Or take the issue of the balancing of priorities. In Canada, there is a very strong correspondence between how females in general rank various issues (Ethics, Economy, Social, Fiscal) and how NDP voters rank them. Females and NDP voters both rank social issues as the top priority at 41% and 42% respectively, for instance. Bring females into the NDP fold seems like a very natural fit and is perhaps best able to be done by a female leader. 




When given a specific case, it is hard to objectively say that a person's decision is because of race or gender. Most don't openly or even consciously acknowledge the influence that race or gender plays for them, doubly so if it is being used as a reason to not vote for somebody. However, social science has repeatedly showed that in large numbers there are aggregate differences in peoples behavior based on these kinds of factors and as we have seem, there are legitimate differences in male vs female responses to polling questions.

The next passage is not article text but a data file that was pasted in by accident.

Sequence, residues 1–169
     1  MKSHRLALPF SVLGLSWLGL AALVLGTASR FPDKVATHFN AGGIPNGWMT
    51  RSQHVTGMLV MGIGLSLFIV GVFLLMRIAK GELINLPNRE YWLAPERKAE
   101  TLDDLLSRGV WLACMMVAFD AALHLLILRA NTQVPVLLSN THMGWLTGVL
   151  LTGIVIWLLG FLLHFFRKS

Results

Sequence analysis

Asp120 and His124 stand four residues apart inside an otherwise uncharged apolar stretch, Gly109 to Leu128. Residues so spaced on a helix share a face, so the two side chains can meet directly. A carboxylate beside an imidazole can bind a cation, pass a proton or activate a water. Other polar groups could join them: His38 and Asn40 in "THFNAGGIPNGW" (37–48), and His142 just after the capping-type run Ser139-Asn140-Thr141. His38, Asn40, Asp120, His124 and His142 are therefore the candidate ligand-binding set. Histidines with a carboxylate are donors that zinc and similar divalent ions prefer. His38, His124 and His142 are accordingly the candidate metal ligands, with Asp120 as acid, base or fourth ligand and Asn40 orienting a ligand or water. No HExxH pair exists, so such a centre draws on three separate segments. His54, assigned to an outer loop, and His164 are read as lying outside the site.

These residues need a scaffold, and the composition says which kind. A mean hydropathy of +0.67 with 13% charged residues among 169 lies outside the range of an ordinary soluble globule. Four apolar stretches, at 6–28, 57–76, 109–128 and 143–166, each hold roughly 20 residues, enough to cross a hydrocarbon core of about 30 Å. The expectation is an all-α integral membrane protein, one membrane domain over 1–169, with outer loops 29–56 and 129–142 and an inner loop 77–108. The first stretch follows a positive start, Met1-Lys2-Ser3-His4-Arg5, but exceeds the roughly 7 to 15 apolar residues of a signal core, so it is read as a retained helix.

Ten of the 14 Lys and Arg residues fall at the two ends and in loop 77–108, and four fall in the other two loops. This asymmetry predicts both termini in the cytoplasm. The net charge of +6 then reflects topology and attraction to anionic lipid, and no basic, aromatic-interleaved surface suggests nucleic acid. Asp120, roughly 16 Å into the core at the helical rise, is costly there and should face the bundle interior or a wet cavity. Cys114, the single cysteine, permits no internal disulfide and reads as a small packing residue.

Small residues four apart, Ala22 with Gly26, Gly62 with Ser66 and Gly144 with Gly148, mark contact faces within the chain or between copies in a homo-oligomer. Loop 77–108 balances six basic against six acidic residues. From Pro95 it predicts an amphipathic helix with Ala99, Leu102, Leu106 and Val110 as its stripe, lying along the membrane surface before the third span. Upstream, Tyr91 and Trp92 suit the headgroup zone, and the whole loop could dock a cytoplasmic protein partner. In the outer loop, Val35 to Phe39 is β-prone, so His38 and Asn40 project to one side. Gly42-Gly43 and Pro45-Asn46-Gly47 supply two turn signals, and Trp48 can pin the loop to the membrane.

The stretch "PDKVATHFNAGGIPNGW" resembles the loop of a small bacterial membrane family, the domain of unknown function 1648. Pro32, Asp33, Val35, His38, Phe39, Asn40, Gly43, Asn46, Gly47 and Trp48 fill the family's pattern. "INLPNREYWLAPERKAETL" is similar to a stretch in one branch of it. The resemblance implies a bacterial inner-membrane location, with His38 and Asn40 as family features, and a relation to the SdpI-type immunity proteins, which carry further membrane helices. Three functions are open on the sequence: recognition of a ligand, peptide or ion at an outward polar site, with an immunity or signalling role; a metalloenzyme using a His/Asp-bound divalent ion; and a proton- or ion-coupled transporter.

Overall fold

All of this is good in general, but given how an NDP leadership contest is ongoing, the question must be more specifically targeted at the two female candidates: Peggy Nash and Niki Ashton. Ashton is at or near the bottom of the pack in terms of endorsements and polling numbers so we can discredit her chances of winning the nomination. Peggy Nash, however, is among the frontrunners (3rd in endorsements, 2nd in polling). The question is thus this: does the fact that Peggy Nash is female help or hurt her in terms of electability in the general election? Note that in terms of her chances of winning the nomination itself, how people perceive her chances in the general is crucial.